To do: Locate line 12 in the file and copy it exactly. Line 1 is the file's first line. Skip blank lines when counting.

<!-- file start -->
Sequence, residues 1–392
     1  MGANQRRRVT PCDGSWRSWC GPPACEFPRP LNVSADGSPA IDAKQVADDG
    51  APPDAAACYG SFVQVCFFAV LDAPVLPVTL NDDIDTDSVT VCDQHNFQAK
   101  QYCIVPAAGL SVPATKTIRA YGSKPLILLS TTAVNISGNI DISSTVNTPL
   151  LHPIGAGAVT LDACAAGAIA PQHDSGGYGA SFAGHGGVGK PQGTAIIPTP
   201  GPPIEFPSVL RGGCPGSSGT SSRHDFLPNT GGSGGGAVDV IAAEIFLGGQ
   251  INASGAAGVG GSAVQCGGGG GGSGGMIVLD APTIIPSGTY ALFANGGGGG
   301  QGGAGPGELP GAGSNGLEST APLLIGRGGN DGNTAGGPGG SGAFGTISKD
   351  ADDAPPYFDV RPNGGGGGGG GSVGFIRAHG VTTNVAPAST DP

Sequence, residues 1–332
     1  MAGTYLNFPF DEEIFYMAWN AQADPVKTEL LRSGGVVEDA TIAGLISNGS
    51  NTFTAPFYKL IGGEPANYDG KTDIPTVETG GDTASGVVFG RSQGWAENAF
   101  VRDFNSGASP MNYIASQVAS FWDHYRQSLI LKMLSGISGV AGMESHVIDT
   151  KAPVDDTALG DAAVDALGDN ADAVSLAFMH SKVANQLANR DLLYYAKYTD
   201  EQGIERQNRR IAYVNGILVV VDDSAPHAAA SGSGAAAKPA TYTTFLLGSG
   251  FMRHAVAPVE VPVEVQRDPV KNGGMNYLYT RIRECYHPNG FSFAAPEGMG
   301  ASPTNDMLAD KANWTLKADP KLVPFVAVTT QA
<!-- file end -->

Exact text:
    51  NTFTAPFYKL IGGEPANYDG KTDIPTVETG GDTASGVVFG RSQGWAENAF